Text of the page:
I wanted flat sided, easy to make, crankbait that wobbled heavily. So I designed this to try and fit the bill. I really liked the D bait which is very similar to the Bomber Flat A that my buddy Reps for Pradco. I wanted them in varying sizes for what ever fish I wanted to chase. I measured them out and drew them into AutoCAD and made templates I could cutout. I might share them here, if I get the interest in them.
So, I now had a design and knew how I wanted to make them. I like using cedar, or light stuff like that for poppers, but for crankbaits, I like harder woods. I had some basswood before and now I am using some poplar available in the home stores. Light weight stuff is good for popper action but I want these strong. The stuff I bought is 2 1/2″ wide and in the finished lumber section in Lowes. They have it in 2′ and 3′ lengths varying thicknesses. Thick boards can make this or two thin ones can make a through wired lure and even add a rattle camber, I’ll show that on another post.
I needed my patterns on my wood blanks so I could cut them out. I got back into AutoCAD and had my lure shapes made into Blocks that I can move around. I shifted them around per the various sizes so I could get the most per board. Then I printed them out and cut out the strips. They all got glued to the various size thickness board I needed for the lures. See the attached picture of my template strips.
Once I had the strips cut out I just used a bit of Elmer’s glue and stick the paper all to the wood so they could be cut out on the band saw. I don’t have any pictures of this, but might in later posts as I have a bunch of Rat-l-traps to make. I am sure you can imagine what they look like all cut out. The slot for the dive blade is cut in now. It is so much easier now as you have the line for the dive blade, the lure is still flat and right on the saw. I have a dive blade there to make sure it goes in, but is still very tight. See the top picture for where the dive blade slot gets cut.
The blanks where all taken to the drill press, you could use a hand drill, but I have cheap a drill press and it make simpler for me. I drilled small holes above the blade and at the tail for the hook hangers. On these I used large screw eyes that would be screwed in with a dab of epoxy, so I used a small hole. On smaller ones I used twisted wire hook hangers made myself to save money and the hole was bigger as they are epoxied in. The middle hole is the belly weight hole. Some guys use a weight with a hook hanger cast in it, but I don’t think all those hooks are needed, so I just use a belly weight and a single tail hook. Spinner baits catch tons of fish with just a single hook. Plus there are studies on single hooks improving fish survivability.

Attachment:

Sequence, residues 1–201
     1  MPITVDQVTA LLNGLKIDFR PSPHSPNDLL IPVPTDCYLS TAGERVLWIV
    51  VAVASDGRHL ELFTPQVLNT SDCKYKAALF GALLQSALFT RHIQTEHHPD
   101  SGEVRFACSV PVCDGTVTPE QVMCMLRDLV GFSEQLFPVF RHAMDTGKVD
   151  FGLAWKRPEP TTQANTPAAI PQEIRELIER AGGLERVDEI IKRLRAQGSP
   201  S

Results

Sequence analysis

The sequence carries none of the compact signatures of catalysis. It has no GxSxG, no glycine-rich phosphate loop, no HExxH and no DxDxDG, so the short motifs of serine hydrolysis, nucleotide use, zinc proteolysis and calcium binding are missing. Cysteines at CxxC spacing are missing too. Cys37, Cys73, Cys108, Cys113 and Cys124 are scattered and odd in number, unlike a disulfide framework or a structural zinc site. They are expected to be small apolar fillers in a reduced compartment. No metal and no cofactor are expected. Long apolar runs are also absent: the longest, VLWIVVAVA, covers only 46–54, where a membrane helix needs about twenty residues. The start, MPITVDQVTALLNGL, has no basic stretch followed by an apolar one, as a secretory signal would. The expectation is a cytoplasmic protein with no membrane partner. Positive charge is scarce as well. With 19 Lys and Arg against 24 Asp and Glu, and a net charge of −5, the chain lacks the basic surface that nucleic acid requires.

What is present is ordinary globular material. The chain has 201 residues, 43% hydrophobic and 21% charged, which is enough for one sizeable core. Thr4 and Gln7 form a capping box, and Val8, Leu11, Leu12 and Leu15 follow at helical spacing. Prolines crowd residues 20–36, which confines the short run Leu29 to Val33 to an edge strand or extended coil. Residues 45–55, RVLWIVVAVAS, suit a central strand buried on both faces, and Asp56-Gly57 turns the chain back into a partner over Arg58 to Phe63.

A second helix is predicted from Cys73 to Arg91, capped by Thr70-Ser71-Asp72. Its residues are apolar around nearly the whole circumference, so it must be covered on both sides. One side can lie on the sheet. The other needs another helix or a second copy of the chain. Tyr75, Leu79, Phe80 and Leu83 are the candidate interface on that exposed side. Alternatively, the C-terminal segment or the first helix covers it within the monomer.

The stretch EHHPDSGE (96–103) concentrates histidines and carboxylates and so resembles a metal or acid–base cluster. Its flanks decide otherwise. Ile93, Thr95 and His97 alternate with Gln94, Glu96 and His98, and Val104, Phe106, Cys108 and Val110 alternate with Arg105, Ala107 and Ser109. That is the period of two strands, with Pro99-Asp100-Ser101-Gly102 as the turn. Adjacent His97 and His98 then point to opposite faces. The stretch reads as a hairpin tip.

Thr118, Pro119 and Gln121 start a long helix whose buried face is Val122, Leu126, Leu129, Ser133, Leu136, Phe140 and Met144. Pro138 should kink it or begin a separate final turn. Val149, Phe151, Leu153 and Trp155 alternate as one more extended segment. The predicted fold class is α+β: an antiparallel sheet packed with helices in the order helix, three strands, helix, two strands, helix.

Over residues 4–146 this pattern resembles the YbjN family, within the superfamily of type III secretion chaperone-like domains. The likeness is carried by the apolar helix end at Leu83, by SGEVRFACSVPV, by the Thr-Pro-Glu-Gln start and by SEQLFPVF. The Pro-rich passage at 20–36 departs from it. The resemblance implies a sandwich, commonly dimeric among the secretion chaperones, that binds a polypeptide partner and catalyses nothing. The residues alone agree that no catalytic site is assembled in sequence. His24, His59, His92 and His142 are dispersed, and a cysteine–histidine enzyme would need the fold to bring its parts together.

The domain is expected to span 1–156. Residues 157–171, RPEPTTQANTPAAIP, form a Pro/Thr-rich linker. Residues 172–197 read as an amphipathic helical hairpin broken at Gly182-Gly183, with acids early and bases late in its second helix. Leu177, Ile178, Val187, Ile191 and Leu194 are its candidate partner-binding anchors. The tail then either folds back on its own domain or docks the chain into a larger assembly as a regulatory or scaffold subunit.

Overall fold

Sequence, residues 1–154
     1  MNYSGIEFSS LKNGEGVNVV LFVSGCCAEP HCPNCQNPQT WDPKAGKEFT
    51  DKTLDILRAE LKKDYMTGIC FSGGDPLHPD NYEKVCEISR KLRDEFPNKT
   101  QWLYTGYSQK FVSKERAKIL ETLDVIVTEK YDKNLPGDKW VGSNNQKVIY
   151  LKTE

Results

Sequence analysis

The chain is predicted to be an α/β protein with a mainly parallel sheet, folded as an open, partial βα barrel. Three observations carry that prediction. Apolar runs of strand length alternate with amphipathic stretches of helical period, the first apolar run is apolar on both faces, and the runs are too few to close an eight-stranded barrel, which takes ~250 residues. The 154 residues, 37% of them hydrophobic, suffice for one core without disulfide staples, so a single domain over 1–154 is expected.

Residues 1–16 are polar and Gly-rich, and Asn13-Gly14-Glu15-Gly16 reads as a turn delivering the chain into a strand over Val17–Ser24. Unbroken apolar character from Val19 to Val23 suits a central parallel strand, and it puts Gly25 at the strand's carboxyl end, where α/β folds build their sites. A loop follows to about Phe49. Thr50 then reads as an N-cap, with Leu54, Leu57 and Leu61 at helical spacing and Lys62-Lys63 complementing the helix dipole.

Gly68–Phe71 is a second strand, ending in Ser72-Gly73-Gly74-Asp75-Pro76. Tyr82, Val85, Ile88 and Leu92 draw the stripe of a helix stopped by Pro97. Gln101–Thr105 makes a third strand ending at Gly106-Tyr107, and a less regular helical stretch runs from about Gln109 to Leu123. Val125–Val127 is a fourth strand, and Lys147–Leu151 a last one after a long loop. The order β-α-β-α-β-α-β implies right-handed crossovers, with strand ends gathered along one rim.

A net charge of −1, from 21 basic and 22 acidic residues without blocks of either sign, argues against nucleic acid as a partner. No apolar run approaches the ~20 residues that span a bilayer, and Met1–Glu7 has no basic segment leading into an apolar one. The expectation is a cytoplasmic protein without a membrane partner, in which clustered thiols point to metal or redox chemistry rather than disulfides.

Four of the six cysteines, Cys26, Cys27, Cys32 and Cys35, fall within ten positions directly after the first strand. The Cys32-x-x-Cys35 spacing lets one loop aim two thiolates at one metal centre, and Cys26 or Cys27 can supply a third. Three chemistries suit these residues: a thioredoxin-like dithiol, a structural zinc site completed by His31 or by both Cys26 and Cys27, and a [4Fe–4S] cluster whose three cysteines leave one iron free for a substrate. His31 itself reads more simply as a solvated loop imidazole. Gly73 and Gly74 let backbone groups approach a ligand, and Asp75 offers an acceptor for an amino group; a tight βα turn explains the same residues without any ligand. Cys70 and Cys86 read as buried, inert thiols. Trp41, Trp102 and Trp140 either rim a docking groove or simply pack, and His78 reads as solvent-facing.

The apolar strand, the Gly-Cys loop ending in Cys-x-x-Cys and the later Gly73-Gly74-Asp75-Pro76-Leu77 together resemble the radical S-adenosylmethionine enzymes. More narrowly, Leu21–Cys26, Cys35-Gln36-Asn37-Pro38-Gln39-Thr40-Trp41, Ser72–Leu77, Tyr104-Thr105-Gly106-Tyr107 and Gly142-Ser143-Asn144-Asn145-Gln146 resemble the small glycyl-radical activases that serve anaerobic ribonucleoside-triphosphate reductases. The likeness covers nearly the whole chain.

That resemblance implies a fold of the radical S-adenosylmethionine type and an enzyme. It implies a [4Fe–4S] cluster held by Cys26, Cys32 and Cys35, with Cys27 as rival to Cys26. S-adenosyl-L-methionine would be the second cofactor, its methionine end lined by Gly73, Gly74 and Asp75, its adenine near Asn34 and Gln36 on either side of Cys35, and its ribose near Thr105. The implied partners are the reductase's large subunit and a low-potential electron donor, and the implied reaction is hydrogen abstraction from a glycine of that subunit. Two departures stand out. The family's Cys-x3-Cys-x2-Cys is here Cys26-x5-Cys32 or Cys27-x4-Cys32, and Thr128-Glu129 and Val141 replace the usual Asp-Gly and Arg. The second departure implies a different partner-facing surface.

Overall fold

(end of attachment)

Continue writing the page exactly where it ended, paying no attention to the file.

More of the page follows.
You have to decide on the weights you buy, or cast, and pick the hole to be drilled. These are 5/16″ weight, but I can’t remember the size right off, as I lost the recipe sheet I wrote. Then they are off to the belt sander to be smoothed, have the corners rounded and the paper sanded off.
Now to showing you the belly weight being added. The dive bill is not glued in yet and just sitting there. You can see the line tie screw hole and belly weight out and placed in with a little glue. Then just covered with wood putty. Some guys say you need body filler, but I have not had fish chew them up.
The next part is sealing the lure. When doing open through wired lures I dip the lures in Mineral spirits and linseed oil to really waterproof them. For these kinds I just coats with two coats of varnish and then a base coat of white to start the painting.
You have to make sure the belly weight makes the lure float correctly. With it sealed I take it for a float in the bathroom sink to make sure it floats as I want it to with the hooks and screw eyes all in.
On these I used the screw eyes, so I had to set them at this time and use them to hang for painting. I will cover using a dowel and hand made hook hangers, making lure painting easier in another post. Then they where spray painted, had glitter added, the dive blades set and covered with EnviroTex Lite epoxy. Do not use 5 minute epoxy! Yes its cheaper and it will yellow and ruin your lures, been there and done that! I will go more into depth on other posts about all this process, this is just about this one lure type.
Now for a few finished 3 1/2″ D Bait crankbaits with single 4/0 dressed rear hooks.
And one made with Silver Metal Duct tape, to be covered in another blog post.
And now for a video of the action.